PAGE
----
• The campaign server 306 represents a server (or servers) configured to execute different web-service software components. Campaign server 306 includes a processing unit and computer-storage media storing instructions to create and manage co-campaigns for multiple advertisers. While campaign server 306 is illustrated as a single box, one skilled in the art will appreciate that the campaign server 306 may, in fact, be scalable. For example, campaign server 306 may actually include multiple servers operating various portions of software that collectively create and manage co-campaigns for advertisers. In one embodiment, both ad campaigns 312 and co-campaigns 314 are created, managed, and stored on the campaign server 306.
  • Ad database cluster 308 represents one or more database servers configured to store and manage databases of information associated with users visiting web pages and also different campaigns and/or co-campaigns. In other words, ad database cluster 308 is a storage dumping ground for information collected from web advertising services (not pictured in FIG. 3 for clarity). Specific to the embodiments discussed herein, ad database cluster 308 includes historical tracking data about user profiles as different users access web pages on the World Wide Web.
  • It should be noted that the networking environment 300 shows the hardware necessary to establish a one-to-one co-campaign. Additional computing devices and campaign servers may be added to form one-to-many or many-to-many co-campaigns. For the sake of clarity, however, the one-to-one co-campaign is discussed to illustrate several of the embodiments.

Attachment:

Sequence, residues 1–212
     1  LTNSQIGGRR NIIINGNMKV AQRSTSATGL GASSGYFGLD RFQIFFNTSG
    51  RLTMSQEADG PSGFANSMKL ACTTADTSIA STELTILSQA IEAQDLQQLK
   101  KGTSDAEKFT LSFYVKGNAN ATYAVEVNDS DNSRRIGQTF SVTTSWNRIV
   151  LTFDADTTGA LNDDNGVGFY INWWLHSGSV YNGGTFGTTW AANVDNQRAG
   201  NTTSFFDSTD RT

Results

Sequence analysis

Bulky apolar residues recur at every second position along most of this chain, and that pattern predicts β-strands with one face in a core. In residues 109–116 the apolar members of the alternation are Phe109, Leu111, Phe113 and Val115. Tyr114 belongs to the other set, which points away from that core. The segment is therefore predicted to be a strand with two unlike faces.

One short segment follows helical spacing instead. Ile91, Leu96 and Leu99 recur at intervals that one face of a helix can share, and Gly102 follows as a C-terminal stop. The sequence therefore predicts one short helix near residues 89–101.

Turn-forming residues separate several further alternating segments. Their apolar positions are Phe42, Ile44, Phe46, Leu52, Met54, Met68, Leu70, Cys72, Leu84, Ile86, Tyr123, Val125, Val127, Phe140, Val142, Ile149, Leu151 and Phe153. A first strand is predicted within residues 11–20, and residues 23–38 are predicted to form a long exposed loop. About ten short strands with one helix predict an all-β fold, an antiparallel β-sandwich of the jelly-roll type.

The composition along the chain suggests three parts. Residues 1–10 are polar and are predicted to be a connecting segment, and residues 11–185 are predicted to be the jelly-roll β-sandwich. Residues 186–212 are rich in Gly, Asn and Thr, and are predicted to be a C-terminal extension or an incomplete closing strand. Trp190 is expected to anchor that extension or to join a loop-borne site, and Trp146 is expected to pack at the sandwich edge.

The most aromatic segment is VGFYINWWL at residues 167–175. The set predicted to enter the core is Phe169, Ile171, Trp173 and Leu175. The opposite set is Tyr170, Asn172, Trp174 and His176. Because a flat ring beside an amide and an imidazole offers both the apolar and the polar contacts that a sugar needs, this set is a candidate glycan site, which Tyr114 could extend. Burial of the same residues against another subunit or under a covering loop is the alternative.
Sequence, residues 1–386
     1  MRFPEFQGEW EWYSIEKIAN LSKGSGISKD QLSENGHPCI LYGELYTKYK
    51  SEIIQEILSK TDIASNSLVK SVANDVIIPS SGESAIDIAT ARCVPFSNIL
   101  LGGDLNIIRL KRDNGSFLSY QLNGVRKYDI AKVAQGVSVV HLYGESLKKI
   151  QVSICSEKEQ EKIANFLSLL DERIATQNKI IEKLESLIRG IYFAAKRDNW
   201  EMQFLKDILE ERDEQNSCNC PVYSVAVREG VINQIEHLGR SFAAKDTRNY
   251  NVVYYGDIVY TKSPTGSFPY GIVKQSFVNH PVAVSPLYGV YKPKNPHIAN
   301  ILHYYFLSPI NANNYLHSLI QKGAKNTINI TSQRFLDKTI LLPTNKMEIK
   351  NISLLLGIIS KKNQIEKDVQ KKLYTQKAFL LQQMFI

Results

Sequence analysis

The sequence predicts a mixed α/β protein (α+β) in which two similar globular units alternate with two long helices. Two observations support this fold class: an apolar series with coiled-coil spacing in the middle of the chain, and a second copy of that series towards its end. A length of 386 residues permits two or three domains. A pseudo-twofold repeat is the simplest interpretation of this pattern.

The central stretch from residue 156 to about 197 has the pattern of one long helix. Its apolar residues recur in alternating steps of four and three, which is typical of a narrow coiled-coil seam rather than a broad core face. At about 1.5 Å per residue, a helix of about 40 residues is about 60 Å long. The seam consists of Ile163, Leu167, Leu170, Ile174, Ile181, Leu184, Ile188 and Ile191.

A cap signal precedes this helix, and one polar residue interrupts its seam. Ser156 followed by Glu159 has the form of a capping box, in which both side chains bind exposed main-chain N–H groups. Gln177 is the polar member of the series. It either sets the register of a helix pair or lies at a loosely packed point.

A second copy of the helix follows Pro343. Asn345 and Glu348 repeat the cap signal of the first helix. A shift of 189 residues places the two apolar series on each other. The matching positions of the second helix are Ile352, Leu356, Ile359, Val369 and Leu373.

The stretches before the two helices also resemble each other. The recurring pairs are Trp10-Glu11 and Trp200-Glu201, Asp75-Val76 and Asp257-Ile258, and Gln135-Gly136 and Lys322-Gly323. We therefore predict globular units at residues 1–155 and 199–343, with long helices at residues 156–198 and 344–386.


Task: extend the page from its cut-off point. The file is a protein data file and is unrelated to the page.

• In operation, a person sitting at computing device 302 will be attempting to create a co-campaign for advertiser A, which could be the person's employer, organization, blog, business, or other entity. In one embodiment, the person accesses a web page for registering or creating co-campaigns using computing device 302. The web page may be configured to present several options for creating the co-campaign, such as creating a bid boosting, combo ad, or request metrics co-campaign. Also, the web page may provide options for creating any of the aforementioned advertising partnership relationships (one-to-one, one-to-many, and many-to-many).
  • In one embodiment, the person can select the individual or entity that the person wishes to form the co-campaign with in the web page. In one embodiment, the person simply enters the name of the individual or entity, resulting in the campaign server 306 performing a keyword or context search for individuals or entities stored in the ad database cluster 308. For example, advertiser A may be the Microsoft®, and the person may be a marketing manager for Microsoft®. If the marketing manager wishes to create a co-campaign with Hewlett Packard®, the marketing manager can simply enter “Hewlett Packard” or “HP” into a textbox on the web page and let the campaign server 306 search for entities and individuals who may match HP. Alternatively, the campaign server 306 may be configured to not conduct context or keyword searches of names entered by the person on computing device 302 in an effort by the web-advertisement service to preserve its clients' privacy.
  • The co-campaign request is sent to the computing device 304, which operates as a terminal for marketing personnel of advertiser B. The personnel can approve or reject the co-campaign request. If approved, the campaign server 306 creates and stores—either locally or remotely—a co-campaign 314 for the advertisers A and B. The creation or management of co-campaign 314 may require the campaign server to access different campaigns 312 stored for advertiser A, advertiser B, or both. For example, if the co-campaign is a bid-boosting co-campaign, co-campaign 314 may comprise the user-profile metrics for one of the campaigns 312 of advertiser B incremented by a bid amount offered by advertiser A. The results would be a co-campaign with the user-profile metrics of a campaign for advertiser B and a bid amount that includes X dollars previously bid by advertiser B plus Y dollars recently bid by advertiser A to boost the bid amount.